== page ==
Year
Quarter
No of days WMA was used
CMB issued
2018
Apr-Jun
28
65000
2018
Jul-Sep
59
20000
2018
Oct-Dec
NA (most likely 50)
45000
2019
Jan-Mar
36
60000
2019
Apr-Jun
19
0
2019
Jul-Sep
43
50000
Somehow the reports of Oct-Dec quarter are not available. But we know from weekly WSS that WMA was used twice in Oct-2018 month.  The data for Q3 and Q4 are

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History of RBI’s Ways and Means Advances to Central Government: Old Wine in New Bottle?

5 days ago

Good friend Niranjan pointed to me how WMA was started as a way to bridge the “short-term gap” between Government’s receipts and expenses. This piece tracks the short history of WMA

WMA was started from Apr-1997. Why 1997? Well, in 1997 the Government and RBI signed an agreement to get rid of automatic monetisation of government deficits. Before 1994, if the Government had a deficit, it just issued ad-hoc T-Bills which were held by RBI.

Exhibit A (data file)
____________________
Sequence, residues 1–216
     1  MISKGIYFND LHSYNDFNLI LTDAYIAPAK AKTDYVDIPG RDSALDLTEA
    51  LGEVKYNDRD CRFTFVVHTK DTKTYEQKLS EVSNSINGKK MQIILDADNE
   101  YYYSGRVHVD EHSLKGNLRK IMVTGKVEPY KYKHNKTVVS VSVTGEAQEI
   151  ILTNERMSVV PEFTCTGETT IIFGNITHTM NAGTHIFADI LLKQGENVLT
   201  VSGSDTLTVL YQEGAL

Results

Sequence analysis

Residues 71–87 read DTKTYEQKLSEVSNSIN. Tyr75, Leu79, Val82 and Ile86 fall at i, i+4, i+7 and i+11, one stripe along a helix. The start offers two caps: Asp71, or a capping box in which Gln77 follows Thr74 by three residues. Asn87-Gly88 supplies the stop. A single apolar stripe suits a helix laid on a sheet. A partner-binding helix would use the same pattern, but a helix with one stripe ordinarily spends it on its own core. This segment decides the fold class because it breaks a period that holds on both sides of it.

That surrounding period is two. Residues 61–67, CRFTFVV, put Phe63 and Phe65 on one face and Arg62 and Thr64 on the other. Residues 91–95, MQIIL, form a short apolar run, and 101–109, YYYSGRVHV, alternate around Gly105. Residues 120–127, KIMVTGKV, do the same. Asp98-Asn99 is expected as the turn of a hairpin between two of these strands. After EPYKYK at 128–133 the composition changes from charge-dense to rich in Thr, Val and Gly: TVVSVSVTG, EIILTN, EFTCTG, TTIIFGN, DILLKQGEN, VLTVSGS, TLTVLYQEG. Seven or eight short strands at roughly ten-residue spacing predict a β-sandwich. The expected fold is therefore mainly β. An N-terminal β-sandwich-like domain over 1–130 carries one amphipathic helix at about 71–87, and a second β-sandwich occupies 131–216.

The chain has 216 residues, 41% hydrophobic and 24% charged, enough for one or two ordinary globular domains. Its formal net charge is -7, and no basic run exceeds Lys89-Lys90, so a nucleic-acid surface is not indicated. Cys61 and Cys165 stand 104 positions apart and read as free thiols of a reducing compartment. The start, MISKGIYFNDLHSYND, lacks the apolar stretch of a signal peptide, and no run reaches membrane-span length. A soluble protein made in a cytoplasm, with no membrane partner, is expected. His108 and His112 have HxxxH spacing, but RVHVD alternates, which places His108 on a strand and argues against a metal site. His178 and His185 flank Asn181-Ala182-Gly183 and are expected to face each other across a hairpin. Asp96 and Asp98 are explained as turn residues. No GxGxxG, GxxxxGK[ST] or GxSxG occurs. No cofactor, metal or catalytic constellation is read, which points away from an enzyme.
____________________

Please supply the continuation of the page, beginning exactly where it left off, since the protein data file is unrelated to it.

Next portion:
In the 1996-97 Budget Speech, then FM P Chidambaram announced:
Hon’ble Members are aware that in September 1994 an agreement was signed between the Central Government and the RBI to phase out the system ofad-hoc treasury bills by 1997-98. The experience last year and in the current year so far has shown the difficulty of staying below the within-year

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Cambodia is criminalizing democracy by suppressing opposition

5 days ago

Sam Rainsy, acting president of the Cambodia National Rescue Party has a hard hitting piece on state of affairs in Cambodia: